LEAPChem Provides Bismuth trioxide (1304-76-3) Now
Nov. 2019/3/28 14:51:24 By LEAP Chem
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Basic Information of Bismuth trioxide
Chemical Name: Bismuth trioxide
Cas No.: 1304-76-3
Molecular Formula: Bi2O3
Bismuth(III) oxide is perhaps the most industrially important compound of bismuth. It is also a common starting point for bismuth chemistry. It is found naturally as the mineral bismite (monoclinic) and sphaerobismoite (tetragonal, much more rare), but it is usually obtained as a by-product of the smelting of copper and lead ores. Bismuth trioxide is commonly used to produce the "Dragon's eggs" effect in fireworks, as a replacement of red lead.
Interest has centred on δ- Bi2O3 as it is principally an ionic conductor. In addition to electrical properties, thermal expansion properties are very important when considering possible applications for solid electrolytes. High thermal expansion coefficients represent large dimensional variations under heating and cooling, which would limit the performance of an electrolyte. The transition from the high-temperature δ- Bi2O3 to the intermediate β- Bi2O3 is accompanied by a large volume change and consequently, a deterioration of the mechanical properties of the material. This, combined with the very narrow stability range of the δ-phase (727–824 °C), has led to studies on its stabilization to room temperature.
Bi2O3 easily forms solid solutions with many other metal oxides. These doped systems exhibit a complex array of structures and properties dependent on the type of dopant, the dopant concentration and the thermal history of the sample. The most widely studied systems are those involving rare earth metal oxides, Ln2O3, including yttria, Y2O3. Rare earth metal cations are generally very stable, have similar chemical properties to one another and are similar in size to Bi3+, which has a radius of 1.03 ?, making them all excellent dopants. Furthermore, their ionic radii decrease fairly uniformly from La3+ (1.032 ?), through Nd3+, (0.983 ?), Gd3+, (0.938 ?), Dy3+, (0.912 ?) and Er3+, (0.89 ?), to Lu3+, (0.861 ?) (known as the ‘lanthanide contraction’), making them useful to study the effect of dopant size on the stability of the Bi2O3 phases.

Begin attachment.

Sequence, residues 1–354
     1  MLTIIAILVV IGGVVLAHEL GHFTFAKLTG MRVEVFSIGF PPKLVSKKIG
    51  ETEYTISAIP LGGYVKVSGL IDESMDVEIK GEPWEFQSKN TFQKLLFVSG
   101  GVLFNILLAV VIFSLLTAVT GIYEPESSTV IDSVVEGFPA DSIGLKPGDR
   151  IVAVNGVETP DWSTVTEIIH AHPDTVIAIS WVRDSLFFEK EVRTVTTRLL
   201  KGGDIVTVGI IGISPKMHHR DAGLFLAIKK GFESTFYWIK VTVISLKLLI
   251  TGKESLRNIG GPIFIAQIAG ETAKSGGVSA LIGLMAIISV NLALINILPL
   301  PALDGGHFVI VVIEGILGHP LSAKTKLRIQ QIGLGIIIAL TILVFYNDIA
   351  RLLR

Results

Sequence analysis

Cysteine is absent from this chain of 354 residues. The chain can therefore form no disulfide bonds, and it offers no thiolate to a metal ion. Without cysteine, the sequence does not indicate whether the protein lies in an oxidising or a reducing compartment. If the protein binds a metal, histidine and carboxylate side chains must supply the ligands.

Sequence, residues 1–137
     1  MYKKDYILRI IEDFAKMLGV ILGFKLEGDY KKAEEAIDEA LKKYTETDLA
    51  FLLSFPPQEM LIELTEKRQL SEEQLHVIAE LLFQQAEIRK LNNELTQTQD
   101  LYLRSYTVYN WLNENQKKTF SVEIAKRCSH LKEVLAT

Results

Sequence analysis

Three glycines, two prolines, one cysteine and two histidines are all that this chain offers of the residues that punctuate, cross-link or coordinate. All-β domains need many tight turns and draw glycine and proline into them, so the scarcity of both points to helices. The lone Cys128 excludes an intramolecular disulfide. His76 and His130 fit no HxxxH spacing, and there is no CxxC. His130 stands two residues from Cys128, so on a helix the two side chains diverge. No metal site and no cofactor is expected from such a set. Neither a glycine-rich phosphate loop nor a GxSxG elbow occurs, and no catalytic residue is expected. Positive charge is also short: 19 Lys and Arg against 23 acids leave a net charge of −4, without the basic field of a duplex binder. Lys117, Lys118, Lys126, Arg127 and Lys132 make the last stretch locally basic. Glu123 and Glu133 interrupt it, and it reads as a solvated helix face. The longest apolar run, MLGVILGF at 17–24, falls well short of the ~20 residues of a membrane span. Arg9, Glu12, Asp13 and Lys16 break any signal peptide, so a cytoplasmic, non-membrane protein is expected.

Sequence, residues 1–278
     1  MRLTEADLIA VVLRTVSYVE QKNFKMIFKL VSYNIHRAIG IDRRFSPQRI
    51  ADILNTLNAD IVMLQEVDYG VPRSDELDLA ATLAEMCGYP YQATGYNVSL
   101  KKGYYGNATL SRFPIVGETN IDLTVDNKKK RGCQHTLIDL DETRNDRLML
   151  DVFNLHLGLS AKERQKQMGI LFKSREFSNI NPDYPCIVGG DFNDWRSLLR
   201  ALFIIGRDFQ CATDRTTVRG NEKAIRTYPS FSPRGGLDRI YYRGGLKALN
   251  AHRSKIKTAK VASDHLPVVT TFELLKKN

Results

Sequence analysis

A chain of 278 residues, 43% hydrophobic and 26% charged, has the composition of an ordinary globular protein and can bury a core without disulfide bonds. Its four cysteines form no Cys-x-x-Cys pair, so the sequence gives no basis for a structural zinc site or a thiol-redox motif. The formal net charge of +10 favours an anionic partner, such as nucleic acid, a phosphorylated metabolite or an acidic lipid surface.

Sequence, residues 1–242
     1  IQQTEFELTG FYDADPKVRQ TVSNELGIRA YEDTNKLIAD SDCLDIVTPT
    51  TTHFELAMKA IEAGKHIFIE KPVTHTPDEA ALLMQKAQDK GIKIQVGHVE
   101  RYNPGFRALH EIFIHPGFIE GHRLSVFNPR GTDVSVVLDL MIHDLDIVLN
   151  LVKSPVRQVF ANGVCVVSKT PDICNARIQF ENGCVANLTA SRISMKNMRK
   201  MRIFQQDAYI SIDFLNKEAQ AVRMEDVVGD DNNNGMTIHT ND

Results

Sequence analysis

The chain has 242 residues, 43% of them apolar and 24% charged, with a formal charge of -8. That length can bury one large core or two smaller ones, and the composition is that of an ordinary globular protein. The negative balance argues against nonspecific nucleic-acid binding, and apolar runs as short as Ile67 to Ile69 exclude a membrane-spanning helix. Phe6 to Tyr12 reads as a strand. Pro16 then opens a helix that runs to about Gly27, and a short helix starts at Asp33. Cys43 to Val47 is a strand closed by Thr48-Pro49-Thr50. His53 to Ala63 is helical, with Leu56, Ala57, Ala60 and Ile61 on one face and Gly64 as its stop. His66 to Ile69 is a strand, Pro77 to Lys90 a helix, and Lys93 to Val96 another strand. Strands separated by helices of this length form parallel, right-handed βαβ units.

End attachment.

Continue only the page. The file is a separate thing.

Bi2O3 has also been used as sintering additive in the Sc2O3- doped zirconia system for intermediate temperature SOFC.
Bismuth trioxide is commercially made from bismuth subnitrate. The latter is produced by dissolving bismuth in hot nitric acid. Addition of excess sodium hydroxide followed by continuous heating of the mixture precipitates bismuth(III) oxide as a heavy yellow powder. Also, the trioxide can be prepared by ignition of bismuth hydroxide. Bismuth trioxide can be also obtained by heating bismuth subcarbonate at approximately 400 0C.
Bismuth oxide is occasionally used in dental materials to make them more opaque to X-rays than the surrounding tooth structure. In particular, bismuth (III) oxide has been used in hydraulic silicate cements (HSC), originally in "MTA" (a trade name, standing for the chemically-meaningless "mineral trioxide aggregate") from 10 to 20% by mass with a mixture of mainly di- and tri-calcium silicate powders. Such HSC is used for dental treatments such as: apicoectomy, apexification, pulp capping, pulpotomy, pulp regeneration, internal repair of iatrogenic perforations, repair of resorption perforations, root canal sealing and obturation. MTA sets into a hard filling material when mixed with water. Some resin-based materials also include an HSC with bismuth oxide. Problems have allegedly arisen with bismuth oxide because it is claimed not to be inert at high pH, specifically that it slows the setting of the HSC, but also over time can lose color by exposure to light or reaction with other materials that may have been used in the tooth treatment, such as sodium hypochlorite.
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